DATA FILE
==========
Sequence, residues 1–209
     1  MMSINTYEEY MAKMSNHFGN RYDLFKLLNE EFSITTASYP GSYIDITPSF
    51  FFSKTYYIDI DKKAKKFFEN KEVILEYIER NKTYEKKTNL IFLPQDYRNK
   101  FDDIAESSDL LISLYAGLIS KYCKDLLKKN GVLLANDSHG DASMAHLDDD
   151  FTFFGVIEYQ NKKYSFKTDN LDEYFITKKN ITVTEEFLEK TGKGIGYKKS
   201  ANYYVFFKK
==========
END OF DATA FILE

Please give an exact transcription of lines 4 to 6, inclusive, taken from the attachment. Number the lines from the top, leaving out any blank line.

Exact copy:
   101  FDDIAESSDL LISLYAGLIS KYCKDLLKKN GVLLANDSHG DASMAHLDDD
   151  FTFFGVIEYQ NKKYSFKTDN LDEYFITKKN ITVTEEFLEK TGKGIGYKKS
   201  ANYYVFFKK